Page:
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Feature: How automotive air quality data will benefit your health

Airlib explain how they are using data to improve air quality for everyone who spends time in traffic.

Air quality sensors have been used on high end cars for more than 30 years to improve their in-cabin air quality by switching to air recirculation when traffic pollution is high.

These sensors generate more than 2 trillion datapoints each day, the greatest reservoir of air quality data in the world.

Car connectivity now makes it possible to exploit this data to improve air quality for everyone who spends time in traffic. Airlib recently completed a study in a major city to demonstrate how it can be done.

Data was collected for about a year from city cars fitted with automotive air quality sensors. More than 10,000 trips were used to create high-resolution air quality maps.

high resolution air quality map example

A recirculation flap control algorithm was designed based on map values ahead of cars in traffic. The smart open/close flap algorithm was then applied to 50 city trips. The calculated in-cabin pollution was compared to the same 50 trips with no smart flap control. The results showed over 40% average reduction in passenger exposure to pollution peaks. This is a compelling result which is expected to have a positive impact on cabin health and comfort.

As the volume of data collected increases, the predictive value of the maps will grow, and even more air quality gains can be expected.

It is estimated that major cities can be mapped with air quality data collected from less than one car in a thousand. Approximately 1,000 cars would be sufficient in London or Paris. A number that is within reach as soon as one of the major car manufacturers gets involved in the data collection chain. Indeed, every year more than 5 million new air quality sensors are mounted on new connected cars.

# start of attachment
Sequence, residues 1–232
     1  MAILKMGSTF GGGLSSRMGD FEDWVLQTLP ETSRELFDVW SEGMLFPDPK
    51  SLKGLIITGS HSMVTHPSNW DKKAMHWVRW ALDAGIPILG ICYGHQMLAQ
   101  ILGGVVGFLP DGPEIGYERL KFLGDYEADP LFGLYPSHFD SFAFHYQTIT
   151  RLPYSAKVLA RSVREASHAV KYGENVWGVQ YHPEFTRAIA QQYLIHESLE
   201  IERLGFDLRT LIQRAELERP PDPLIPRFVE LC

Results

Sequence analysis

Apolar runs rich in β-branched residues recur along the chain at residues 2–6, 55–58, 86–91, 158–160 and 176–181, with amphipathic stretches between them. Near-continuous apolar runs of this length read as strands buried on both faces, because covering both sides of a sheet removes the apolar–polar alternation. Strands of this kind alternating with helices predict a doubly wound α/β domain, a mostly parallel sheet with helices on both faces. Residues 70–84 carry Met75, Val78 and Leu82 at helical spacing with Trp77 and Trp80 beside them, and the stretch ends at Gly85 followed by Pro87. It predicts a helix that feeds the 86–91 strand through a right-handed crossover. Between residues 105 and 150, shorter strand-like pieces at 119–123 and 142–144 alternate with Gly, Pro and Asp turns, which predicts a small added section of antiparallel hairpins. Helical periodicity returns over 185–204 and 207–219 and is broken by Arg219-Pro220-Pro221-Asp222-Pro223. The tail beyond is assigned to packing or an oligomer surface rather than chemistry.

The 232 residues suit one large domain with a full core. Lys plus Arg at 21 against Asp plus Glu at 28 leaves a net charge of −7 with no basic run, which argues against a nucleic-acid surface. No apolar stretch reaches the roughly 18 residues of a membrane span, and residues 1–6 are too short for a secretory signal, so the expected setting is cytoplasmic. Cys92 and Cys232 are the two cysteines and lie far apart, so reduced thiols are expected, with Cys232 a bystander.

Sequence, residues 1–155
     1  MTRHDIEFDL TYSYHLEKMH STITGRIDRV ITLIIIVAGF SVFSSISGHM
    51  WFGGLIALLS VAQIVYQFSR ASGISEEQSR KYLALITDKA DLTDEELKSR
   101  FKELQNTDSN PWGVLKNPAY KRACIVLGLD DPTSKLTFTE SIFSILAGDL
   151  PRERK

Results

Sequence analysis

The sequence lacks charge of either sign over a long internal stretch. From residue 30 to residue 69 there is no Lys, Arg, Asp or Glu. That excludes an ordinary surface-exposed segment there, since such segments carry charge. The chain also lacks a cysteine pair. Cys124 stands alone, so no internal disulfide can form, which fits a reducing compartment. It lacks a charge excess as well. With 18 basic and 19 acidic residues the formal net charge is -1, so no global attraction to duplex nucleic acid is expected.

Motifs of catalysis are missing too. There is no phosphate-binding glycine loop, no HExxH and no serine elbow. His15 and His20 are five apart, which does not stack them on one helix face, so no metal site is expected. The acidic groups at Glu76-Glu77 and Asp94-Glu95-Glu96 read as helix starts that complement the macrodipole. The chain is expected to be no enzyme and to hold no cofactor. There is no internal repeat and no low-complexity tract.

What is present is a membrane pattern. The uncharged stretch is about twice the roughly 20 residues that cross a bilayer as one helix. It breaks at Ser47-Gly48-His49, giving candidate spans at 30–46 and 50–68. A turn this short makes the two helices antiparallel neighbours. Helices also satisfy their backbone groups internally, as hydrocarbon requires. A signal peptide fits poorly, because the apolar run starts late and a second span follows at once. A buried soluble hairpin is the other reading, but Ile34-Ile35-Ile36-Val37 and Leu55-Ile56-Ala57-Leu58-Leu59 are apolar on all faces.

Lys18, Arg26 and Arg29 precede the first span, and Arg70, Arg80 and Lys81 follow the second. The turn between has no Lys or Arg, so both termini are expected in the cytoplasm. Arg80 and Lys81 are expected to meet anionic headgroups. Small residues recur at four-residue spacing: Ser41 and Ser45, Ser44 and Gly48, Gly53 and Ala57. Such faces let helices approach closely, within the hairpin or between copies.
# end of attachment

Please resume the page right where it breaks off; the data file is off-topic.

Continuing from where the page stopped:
This solution is therefore scalable worldwide with no hardware cost and because it is a commercially appealing avenue for monetizing automotive data, it is likely to become a standard car-tech feature in the near future. It could for example get integrated into Android automotive or become an optional Android automotive app.

The new air quality dataset will also be usable for non-automotive applications for joggers, bikers or general urban residents interested in air quality. Functions like ‘cleaner route recommendations’ or personal pollution exposure trackers could be implemented via dedicated apps . The data would also be a valuable complement for air quality professionals and government bodies.

Automotive air quality data is therefore an eminently actionable opportunity with potentially high benefits in terms of public health. A moderate software deployment effort with high societal payoff.

Photo supplied by www.airlib.co

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